But the "between" is hard, while it lasts. Decisions need to be made. If you're "in," or are considering asking "in," do you have any limits? Any at all? Are there boundaries you don't want crossed, in terms of how much membership is going to cost you? How much it might stunt your lifestyle and mess you up, choke you off and starve you? What you'll do to avoid being sent to sit in the back?

If, on the other hand, you're "out" and really don't want to be, exactly how far would you be willing to go, in order to get back "in"? Would anything you could attempt ever be enough to win back the approval and support of this imperious Christian group? Will the group in question ever really accept the real you? Or will you have to "lie with your life," and feebly pretend to actually be someone more suitable to them, whether God is maturing you in that direction or not? Will you be able to live the life God is pouring into you, or will you have to be a play-actor/hypocrite?

If you've left a human religious system like the one I was raised in, it can be very hard, especially at first. Often, exactly how hard it is depends on how young you were when you first started being associated with a group that isn't exactly a cult, but can get cultish in certain areas. It also depends on how "into it" your family ever got, and how much of it you yourself bought into and tried to live out.

If you invested everything in it, assuming it would pay off, sacrificing everything, and then being sacrificed to Moloch yourself by people you trusted, that's the hardest. But you know which side your bread's buttered on, at least. If the system mostly seems to work for you and your family, the realization that God might want more for you might be long and difficult in coming.

If you've left, though, for whatever reason, this means a change has happened somehow. And more people seem to leave than stay. Many more. It's not a unique thing to leave. Not at all. The ones who stay need to be "we small, precious (correct) few" somehow. And generally they get that from those of us they exclude, or who didn't have the stomach for staying.

To learn about what this traumatic "leaving" process meant for others, I put up an anonymous survey, left it up for a week, and then blogged about what people had to say. It was very interesting.

But it messes with your head. As with actual full-blown cults, various church groups and other human communities can start to define how you see yourself, and how good you feel about yourself. They can get you wired up with "buttons" anyone at all can push. These buttons can be pushed to flood you with feelings of acceptance and pride, or of guilt and shame and fear, depending on their whim. For a long time after you move on, you may still find you have these "buttons." Certain key phrases or words can be loaded with a huge amount of power, when said to, or around (or even by) you.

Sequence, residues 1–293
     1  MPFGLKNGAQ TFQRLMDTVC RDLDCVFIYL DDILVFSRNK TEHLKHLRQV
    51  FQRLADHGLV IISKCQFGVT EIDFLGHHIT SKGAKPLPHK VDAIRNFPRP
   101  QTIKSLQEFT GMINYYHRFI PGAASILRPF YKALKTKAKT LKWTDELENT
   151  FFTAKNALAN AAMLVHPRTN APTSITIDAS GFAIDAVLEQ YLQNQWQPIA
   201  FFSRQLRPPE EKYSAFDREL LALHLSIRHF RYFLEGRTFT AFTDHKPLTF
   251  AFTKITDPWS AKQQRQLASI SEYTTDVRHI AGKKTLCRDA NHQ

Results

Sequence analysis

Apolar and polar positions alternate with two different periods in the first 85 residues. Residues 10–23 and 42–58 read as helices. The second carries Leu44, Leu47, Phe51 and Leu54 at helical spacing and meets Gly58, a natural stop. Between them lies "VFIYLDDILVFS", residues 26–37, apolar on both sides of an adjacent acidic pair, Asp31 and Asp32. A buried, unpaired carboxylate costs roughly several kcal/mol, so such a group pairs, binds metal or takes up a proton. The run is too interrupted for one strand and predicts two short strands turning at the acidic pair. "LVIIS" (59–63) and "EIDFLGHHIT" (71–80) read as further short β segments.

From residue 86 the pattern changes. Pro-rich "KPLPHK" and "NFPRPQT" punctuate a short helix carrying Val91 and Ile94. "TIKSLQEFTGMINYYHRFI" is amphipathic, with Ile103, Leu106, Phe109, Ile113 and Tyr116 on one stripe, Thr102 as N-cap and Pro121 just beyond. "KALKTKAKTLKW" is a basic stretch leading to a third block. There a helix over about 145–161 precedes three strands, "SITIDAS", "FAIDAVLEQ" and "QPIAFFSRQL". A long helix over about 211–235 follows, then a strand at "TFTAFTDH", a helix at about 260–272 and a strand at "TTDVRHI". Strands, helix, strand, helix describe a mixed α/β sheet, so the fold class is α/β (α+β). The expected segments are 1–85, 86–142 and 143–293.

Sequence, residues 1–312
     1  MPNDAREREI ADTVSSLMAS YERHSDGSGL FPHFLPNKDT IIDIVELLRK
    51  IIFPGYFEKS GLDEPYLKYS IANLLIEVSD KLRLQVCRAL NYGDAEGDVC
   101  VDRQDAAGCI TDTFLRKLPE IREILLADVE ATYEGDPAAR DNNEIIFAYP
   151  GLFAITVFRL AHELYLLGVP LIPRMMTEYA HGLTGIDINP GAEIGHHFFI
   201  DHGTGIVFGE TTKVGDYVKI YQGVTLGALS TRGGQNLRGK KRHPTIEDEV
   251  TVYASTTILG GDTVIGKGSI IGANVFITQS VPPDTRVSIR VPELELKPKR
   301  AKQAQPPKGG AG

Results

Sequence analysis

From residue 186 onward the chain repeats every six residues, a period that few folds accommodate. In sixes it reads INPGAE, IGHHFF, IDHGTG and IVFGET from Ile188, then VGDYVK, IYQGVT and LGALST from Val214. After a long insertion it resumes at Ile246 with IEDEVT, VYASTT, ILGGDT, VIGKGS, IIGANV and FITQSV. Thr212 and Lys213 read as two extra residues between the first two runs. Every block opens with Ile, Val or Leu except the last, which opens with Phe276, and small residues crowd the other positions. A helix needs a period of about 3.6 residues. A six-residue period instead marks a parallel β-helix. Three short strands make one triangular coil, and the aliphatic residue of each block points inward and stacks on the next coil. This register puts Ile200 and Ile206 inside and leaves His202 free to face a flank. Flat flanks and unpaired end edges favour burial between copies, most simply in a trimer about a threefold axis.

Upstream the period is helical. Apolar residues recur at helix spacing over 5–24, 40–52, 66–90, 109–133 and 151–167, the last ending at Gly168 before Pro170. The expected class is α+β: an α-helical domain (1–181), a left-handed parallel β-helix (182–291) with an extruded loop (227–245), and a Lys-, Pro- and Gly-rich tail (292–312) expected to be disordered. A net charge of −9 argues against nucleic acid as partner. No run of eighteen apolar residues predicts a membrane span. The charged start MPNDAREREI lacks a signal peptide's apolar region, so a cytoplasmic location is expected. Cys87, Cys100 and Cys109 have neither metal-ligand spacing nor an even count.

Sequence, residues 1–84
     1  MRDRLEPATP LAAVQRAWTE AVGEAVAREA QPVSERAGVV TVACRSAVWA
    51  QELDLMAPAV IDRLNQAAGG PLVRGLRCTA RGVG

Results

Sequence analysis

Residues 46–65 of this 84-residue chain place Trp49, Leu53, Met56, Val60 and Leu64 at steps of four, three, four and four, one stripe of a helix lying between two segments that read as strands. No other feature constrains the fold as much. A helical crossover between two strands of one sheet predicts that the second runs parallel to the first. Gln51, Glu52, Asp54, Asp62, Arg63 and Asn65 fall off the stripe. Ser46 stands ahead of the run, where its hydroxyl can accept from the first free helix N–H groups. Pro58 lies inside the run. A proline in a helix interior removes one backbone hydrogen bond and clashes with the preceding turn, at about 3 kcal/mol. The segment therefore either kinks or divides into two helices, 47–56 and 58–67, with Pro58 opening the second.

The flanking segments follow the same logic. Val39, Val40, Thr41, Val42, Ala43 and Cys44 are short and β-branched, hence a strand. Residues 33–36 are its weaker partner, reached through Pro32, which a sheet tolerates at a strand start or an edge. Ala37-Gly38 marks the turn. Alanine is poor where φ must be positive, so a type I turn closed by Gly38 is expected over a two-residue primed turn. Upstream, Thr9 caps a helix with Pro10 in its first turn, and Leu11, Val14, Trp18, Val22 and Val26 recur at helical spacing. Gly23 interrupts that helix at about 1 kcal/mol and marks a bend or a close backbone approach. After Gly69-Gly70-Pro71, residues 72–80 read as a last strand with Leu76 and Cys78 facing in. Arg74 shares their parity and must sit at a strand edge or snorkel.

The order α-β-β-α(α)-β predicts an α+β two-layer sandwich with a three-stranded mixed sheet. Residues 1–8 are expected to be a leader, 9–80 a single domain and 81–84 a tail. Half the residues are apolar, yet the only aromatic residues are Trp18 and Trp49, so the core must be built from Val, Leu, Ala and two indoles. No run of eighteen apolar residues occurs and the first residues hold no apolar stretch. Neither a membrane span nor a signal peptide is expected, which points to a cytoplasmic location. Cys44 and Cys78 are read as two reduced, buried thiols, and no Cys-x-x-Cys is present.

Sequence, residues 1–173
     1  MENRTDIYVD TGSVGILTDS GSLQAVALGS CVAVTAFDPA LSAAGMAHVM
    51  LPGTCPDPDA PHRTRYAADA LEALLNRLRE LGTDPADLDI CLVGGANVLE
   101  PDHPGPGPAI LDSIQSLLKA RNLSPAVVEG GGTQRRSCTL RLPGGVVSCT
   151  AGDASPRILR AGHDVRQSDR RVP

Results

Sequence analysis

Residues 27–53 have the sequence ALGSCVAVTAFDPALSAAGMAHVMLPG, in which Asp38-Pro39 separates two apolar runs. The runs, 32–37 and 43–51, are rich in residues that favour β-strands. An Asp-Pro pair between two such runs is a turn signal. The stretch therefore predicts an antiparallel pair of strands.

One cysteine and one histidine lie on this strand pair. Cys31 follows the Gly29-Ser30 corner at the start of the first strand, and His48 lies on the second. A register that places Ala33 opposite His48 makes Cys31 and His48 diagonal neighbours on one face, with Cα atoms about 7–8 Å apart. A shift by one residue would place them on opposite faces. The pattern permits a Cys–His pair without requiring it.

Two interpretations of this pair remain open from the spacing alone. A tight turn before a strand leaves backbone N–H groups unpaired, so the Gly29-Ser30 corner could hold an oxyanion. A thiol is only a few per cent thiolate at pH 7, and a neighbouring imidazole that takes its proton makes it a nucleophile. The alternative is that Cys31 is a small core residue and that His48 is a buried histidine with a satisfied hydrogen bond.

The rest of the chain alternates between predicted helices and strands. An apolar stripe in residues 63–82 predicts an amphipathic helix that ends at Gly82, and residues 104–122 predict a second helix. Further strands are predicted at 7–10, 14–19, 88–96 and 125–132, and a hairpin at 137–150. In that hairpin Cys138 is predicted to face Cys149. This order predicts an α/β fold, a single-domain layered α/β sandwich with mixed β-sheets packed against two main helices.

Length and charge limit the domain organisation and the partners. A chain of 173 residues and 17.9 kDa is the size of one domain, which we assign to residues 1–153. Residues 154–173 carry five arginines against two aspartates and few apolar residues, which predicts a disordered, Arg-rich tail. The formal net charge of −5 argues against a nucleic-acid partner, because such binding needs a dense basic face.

As for me, I "left" my community in my thinking, feeling and living, but for some time still attended as much as I could. I tried to hold onto my membership. Fought being sent to that back row. I was terrified that the direction in which I'd grown as a person, the strengths and insights I'd developed (been given by God), and the path I felt I needed to take in order to know God and not just a Christian group, would all result in my actually formally getting kicked "out."

Eventually, it did. Right to the back row I was sent. It wasn't easy for me then. I was programmed to feel like a failure, like a pariah, like an outcast, like a reprobate, like a heretic, should I be attacked by my group. Could I view myself as a Christian, with a real relationship with God, while groups of Christians felt I wasn't fit to eat in the same room with? People I now watched worship, seeing only backs of heads?

I met people from other churches. I checked out their worship, though this hurt my chances with my own, which "needs" people to break off all connections to "lesser" churches. Back then, there weren't a lot of people I met who were "between" like me. Mostly there were chipper, perky (or at least, serenely resigned) blinkered church folk, and there were other people who wanted nothing to do with Church or Christians. I had trouble finding dissatified Christians who, like me, stayed both Christians, and dissatisfied with how we roll, mostly, here in North American Christendom.